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Coin Profiles: Monumental 1795 $10 Gold Eagle, 13 Leaves Featured in Heritage Fun Sale

This 1795 13 Leaves eagle, BD-1, certified MS64 NGC, is a monumentally important coin in both aesthetic and historic terms. The obverse of the BD-1 variety is attributed by the 1 close to the lowest lock of hair, with a closely spaced date and the flag of the 5 overlying the drapery. Star 11 is quite close to the Y adjacent, which shows two tiny “lumps” (a die line, in reality) on the left outside serif. The stars are arranged 10 and five (as on all five 1795 Bass-Dannreuther varieties), with the right-side stars cramped tightly together. This is the only pairing that employs this particular obverse.

The 13 Leaves reverse shows a palm leaf virtually touching the left bottom of the U in UNITED, and the tip of the branch stem just about bisects the bottom of the last A in AMERICA.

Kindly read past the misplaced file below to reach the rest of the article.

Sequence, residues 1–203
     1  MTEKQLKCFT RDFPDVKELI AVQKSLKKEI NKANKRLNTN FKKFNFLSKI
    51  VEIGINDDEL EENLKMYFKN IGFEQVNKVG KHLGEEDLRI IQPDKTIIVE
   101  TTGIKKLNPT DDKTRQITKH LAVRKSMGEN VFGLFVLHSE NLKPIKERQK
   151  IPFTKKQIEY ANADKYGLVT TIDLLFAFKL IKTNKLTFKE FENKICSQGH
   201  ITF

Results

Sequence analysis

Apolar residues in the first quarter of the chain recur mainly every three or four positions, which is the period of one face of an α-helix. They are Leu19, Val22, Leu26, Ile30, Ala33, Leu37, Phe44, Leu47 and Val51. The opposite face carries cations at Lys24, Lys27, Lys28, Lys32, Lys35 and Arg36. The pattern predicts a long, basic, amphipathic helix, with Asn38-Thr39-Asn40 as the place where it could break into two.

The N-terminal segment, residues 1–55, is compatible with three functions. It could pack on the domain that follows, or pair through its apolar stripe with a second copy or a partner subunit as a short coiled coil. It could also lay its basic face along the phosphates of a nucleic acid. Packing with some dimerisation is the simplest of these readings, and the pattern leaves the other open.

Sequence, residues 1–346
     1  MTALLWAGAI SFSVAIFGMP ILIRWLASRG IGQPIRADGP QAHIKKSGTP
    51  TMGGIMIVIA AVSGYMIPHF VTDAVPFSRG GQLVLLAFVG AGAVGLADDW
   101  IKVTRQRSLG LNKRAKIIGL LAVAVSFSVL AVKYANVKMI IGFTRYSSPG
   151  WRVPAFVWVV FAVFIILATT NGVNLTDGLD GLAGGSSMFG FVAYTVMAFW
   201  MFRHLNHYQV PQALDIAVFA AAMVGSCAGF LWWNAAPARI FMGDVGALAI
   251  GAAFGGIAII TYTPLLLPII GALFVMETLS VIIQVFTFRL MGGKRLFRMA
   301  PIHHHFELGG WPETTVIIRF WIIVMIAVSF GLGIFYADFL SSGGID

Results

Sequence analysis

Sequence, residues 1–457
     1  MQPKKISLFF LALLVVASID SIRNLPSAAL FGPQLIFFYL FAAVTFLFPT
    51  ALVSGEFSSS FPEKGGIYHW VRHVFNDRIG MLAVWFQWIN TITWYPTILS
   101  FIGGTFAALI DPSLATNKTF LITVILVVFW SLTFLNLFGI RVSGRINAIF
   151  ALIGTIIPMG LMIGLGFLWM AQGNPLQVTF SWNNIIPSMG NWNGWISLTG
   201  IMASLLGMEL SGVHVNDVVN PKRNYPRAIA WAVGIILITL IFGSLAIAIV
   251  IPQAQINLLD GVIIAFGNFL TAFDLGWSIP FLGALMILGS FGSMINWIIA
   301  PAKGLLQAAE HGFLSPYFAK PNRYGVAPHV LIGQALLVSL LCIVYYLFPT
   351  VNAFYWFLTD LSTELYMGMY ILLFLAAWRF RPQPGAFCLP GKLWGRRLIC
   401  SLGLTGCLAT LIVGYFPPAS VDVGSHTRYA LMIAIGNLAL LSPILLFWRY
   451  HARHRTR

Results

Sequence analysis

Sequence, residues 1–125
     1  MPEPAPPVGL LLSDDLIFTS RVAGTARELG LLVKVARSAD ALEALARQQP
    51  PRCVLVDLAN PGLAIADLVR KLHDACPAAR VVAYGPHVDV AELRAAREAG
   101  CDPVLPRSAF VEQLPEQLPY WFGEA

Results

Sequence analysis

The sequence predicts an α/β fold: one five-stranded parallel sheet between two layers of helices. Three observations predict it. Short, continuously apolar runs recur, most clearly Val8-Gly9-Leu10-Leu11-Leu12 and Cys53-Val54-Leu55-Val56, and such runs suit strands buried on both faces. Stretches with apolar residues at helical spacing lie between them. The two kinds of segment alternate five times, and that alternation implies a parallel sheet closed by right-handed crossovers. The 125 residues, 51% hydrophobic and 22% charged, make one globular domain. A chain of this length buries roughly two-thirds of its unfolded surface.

As mentioned, the obverse this variety is unique to this die marriage. The reverse, on the other hand, is shared with the BD-2, slightly rarer at High R.4. John Dannreuther writes in Early U.S. Gold Coin Varieties:

“Bass had a State c/b of this variety that was sold in Bass III. There likely, as noted, is a later state of this obverse die, as this variety is its only use. The obverse die broke or received some other fatal injury to cause it to be retired.”

The obverse of this example shows about the same state of die advancement as the Bass coin, with a light die crack running from the rim above star 10, through star 9 and downward through all left-side stars, continuing from there to the bottoms of the 1 and 7 in the date before terminating just below the 9. Another wispy die crack runs from a point of star 13 through the upper part of star 14 and the center of star 15 before ending at the forward bust tip.

The determination of the reverse die state (or stage) is more problematic; light planchet adjustment marks appear in most of the areas diagnostic for die states. Suffice it to say that no cracks are obvious among those enumerated in Bass-Dannreuther.

More important than the die state–which in any case matters to some specialists-researchers a great deal and to many type collectors little at all–is the enormous aesthetic appeal of this coin, which we believe surpasses the Bass III coin mentioned. The orange-gold surfaces show vibrant, prooflike luster throughout both sides, a trait that some Mint State specimens do show. Dannreuther writes in this regard: (more…)